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A Grimm and poetic telling of old tales

Heather Neill looks at two new seasonal adaptations, each with a commitment to the original stories.

Have you noticed how irritatingly tinkly Christmas carols have become this year? Supermarkets and railway stations are awash with maddeningly syncopated or just plain twee versions of what were once favourite tunes. Christmas "tradition" seems to come with built-in parody. But there are a few relics of the pre Toys 'R' Us era.

The pantomime has, with some honourable exceptions, turned into a showcase for minor sports and media celebrities, but other present-day descendents of the Yule-tide mummers are telling all kinds of tales. Many have literary origins - there is still too little genuinely new writing for family or primary school audiences - based on Dickens, Kipling, R L Stevenson or the Arabian Nights. A welcome development in the case of two London shows is the adaptation of familiar stories by well-known writers from other disciplines who have approached their task with unusual respect and admiration for the original.

Carol Ann Duffy, a prize-winning poet, has made Grimm "speakable" at the Young Vic and John Mortimer, novelist and playwright, has adapted A Christmas Carol for the Royal Shakespeare Company. Neither has come up with a conventional play.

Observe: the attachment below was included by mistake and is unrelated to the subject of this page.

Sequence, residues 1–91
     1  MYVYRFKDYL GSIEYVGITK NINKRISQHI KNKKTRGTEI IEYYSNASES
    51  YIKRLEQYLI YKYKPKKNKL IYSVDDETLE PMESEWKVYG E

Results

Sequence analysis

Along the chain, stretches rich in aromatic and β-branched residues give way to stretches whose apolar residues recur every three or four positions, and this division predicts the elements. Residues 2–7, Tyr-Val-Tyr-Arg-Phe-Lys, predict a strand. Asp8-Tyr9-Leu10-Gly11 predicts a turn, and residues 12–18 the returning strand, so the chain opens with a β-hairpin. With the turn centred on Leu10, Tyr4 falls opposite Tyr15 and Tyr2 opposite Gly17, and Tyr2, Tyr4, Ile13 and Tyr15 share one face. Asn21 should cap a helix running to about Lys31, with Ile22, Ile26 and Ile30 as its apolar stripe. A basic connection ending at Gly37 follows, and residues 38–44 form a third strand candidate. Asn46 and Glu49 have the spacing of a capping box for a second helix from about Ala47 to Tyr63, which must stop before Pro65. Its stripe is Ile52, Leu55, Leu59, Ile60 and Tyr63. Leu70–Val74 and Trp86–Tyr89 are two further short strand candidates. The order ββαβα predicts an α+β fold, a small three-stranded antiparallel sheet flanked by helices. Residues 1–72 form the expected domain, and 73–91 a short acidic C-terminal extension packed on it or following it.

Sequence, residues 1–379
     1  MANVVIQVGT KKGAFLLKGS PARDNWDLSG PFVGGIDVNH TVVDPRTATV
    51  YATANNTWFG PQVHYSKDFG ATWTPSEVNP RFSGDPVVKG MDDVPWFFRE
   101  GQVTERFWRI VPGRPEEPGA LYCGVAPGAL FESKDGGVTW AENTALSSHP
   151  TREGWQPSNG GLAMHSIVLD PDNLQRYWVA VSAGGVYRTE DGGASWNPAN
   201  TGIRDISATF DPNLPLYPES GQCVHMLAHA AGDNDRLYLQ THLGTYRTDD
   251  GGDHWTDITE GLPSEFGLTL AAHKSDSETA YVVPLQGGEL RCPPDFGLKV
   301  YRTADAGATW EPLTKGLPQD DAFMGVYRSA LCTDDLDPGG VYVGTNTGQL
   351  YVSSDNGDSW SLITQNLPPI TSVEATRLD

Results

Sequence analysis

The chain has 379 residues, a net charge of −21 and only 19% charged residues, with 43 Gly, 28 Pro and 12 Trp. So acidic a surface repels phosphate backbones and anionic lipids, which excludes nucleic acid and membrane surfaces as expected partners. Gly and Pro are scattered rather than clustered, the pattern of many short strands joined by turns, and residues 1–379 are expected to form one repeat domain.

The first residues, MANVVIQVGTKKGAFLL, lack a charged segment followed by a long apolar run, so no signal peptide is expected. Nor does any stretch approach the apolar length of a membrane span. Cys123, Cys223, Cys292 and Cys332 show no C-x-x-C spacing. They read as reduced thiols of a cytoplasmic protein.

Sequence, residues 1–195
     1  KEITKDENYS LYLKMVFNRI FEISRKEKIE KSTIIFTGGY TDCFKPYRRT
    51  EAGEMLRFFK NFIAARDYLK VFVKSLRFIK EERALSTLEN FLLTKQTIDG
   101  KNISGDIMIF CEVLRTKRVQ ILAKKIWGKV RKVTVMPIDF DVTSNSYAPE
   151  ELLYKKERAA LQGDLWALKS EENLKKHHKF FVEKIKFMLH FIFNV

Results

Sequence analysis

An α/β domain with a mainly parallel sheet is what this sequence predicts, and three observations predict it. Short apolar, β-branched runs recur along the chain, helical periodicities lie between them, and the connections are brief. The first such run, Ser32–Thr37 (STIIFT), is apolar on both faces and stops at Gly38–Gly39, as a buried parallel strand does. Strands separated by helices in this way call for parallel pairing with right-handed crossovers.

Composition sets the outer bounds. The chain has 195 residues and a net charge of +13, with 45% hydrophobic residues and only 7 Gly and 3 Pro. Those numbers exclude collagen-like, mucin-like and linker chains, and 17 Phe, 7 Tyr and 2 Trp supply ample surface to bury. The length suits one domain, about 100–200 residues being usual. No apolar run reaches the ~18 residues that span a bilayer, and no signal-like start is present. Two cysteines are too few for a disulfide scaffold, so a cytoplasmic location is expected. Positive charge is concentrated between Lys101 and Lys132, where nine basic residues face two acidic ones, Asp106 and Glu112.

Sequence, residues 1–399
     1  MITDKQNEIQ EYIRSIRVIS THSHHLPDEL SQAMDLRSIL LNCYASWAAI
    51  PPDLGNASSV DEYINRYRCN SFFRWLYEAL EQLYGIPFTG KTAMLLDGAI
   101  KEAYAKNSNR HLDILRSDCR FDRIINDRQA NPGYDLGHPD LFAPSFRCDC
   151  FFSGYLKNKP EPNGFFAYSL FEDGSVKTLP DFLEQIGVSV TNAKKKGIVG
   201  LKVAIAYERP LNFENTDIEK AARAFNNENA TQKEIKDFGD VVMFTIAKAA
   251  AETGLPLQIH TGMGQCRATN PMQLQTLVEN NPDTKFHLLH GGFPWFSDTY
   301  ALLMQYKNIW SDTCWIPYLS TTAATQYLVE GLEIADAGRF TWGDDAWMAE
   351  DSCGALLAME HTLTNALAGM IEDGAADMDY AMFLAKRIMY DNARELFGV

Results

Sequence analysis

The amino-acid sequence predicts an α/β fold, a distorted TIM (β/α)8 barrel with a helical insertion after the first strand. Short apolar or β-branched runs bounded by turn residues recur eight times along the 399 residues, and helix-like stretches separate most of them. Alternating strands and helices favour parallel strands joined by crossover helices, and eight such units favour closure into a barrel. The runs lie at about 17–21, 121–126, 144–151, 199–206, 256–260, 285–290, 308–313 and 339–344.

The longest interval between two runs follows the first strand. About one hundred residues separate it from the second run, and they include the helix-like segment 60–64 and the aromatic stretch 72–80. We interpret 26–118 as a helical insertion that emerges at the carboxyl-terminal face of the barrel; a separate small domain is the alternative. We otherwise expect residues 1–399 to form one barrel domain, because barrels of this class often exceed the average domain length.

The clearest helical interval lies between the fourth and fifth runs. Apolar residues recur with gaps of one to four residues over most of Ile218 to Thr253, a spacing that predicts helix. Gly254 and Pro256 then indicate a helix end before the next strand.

Tim Supple, artistic director of the Young Vic, admires Duffy's poetry. She, it turns out, is a life-long Grimm enthusiast - she even had a younger brother who was for years burdened with the name of the dimmest, youngest brother, Dummling, in the story of The Golden Goose.

Supple chose the tales and Duffy set to work on Hansel and Gretel, turning it into a play. "I changed it quite a bit, made it funny and the stepmother was more sympathetic." But Supple wanted something else. "No-one could quite believe I didn't want a writer to do a script." He chose a poet deliberately, "a wordsmith rather than a dramatist who could define the quality of the story in elegant, precise, accurate language."

Duffy started again, working mainly from two academic translations, the Manheim version and David Luke's Penguin Classic, with the Puffin (based on an early 19th century translation) to hand. The aim was to capture the true spirit of the tales, to allow no hint of prettification or talking down. It wasn't an easy task. "The hardest thing for a poet is to keep yourself out of it. " Duffy went through her finished work, paring it down further, taking out images, capturing the clear, rhythmic, austere quality of oral storytelling. There is a certain irony in employing a poet to rediscover the simplicity of pre-literate forms, but Supple required the tales to be "alive for the mouth" in a way that a scholar's prose rarely is. "I loved it", Duffy says. "It was a good discipline. And, of course, it was lovely to spend my days re-reading the stories."